The nuclear deal was meant to reduce the risk of war. With the president backing away from it, get ready for fireworks.

Its too early to tell whether Democrats have a real shot at winning back the House next year, but a big jump in candidates running is a good sign.

Donald Trump likes having generals around, and he really likes John Kelly. But can a Marine run a White House whose boss loves chaos above all?

Trump tweeted that he is proud of Priebus and all they accomplished.

Please dont be too nice, Trump told police in Long Island.

If the climactic vote on the skinny repeal had gone the other way, the result would have probably been the same: GOP failure, with much time lost.

The U.S. believes the missile used to send a satellite to space could be a precursor to an ICBM.

Brian Kilmeade says the same dumb thing Paul Ryan said a few months ago.

Republicans came within one vote of passing a health-care bill that they wrote over lunch and admitted was a disaster. Thats a national crisis.

Kasich has never bent the knee to Trump. But viable primary challengers to sitting presidents come from the fever swamps, not the sensible center.

Moscow is taking away a vacation home where U.S. diplomats walk their dogs and have cookouts.

Consider the violence the president has done to the structures of American democracy in just the past seven days.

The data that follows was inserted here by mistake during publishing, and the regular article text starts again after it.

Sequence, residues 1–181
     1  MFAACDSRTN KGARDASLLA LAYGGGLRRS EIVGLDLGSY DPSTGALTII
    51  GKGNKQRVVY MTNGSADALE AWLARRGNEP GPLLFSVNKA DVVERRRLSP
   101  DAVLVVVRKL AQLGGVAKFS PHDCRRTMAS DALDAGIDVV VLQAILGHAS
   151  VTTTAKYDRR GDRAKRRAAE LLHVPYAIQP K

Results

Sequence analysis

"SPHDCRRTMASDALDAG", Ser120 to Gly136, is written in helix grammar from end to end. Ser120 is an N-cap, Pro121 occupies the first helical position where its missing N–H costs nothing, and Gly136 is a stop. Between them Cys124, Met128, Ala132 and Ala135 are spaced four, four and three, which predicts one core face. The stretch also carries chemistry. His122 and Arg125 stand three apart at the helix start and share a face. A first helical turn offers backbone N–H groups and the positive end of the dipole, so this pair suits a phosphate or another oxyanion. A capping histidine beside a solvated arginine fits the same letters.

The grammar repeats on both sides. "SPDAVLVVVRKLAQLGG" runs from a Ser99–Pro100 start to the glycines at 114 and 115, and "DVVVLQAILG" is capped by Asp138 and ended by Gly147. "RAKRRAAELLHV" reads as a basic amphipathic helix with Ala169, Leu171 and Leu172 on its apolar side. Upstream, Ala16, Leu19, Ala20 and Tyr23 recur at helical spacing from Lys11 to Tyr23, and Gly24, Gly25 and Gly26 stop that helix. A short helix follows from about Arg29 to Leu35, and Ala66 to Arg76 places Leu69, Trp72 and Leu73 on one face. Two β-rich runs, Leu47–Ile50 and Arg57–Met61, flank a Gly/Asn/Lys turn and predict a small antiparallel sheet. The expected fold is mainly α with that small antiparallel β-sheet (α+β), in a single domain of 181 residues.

A proposed zoning change to the area near Grand Central is set to remake the neighborhood for decades. But at what cost?

Republicans couldnt come up with a workable health-care plan, so they kept kicking the can down the road. The road finally ended in the Senate today.

An eight-year crusade to destroy universal coverage has failed, and a social achievement endures.

Three Republicans Susan Collins, John McCain, and Lisa Murkowski voted against the bill.

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Trump’s Dangerous Game With Iran – New York Magazine

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July 29, 2017   Posted in: Iran  Comments Closed

US calls Iranian satellite launch ‘provocative’ – Washington Post

The State Department said Thursday that Irans launch of a space satellite was a provocative action that violates a U.N. resolution on ballistic missiles as well as the spirit of the landmark 2015 nuclear deal between Iran and six world powers.

State Department spokeswoman Heather Nauert said Thursday that reports that Iran had launched a rocket carrying a satellite into space violated U.N. Security Council resolution 2231, which calls on Iran not to conduct any activity involving ballistic missiles that are designed to be capable of delivering nuclear weapons.

Nauert said the United States regards the launch as continued ballistic missile development that is discouraged in the U.N. resolution.

We consider this to be a provocative action, and a provocative action that undermines the security, the prosperity of those in the region and around the world as well.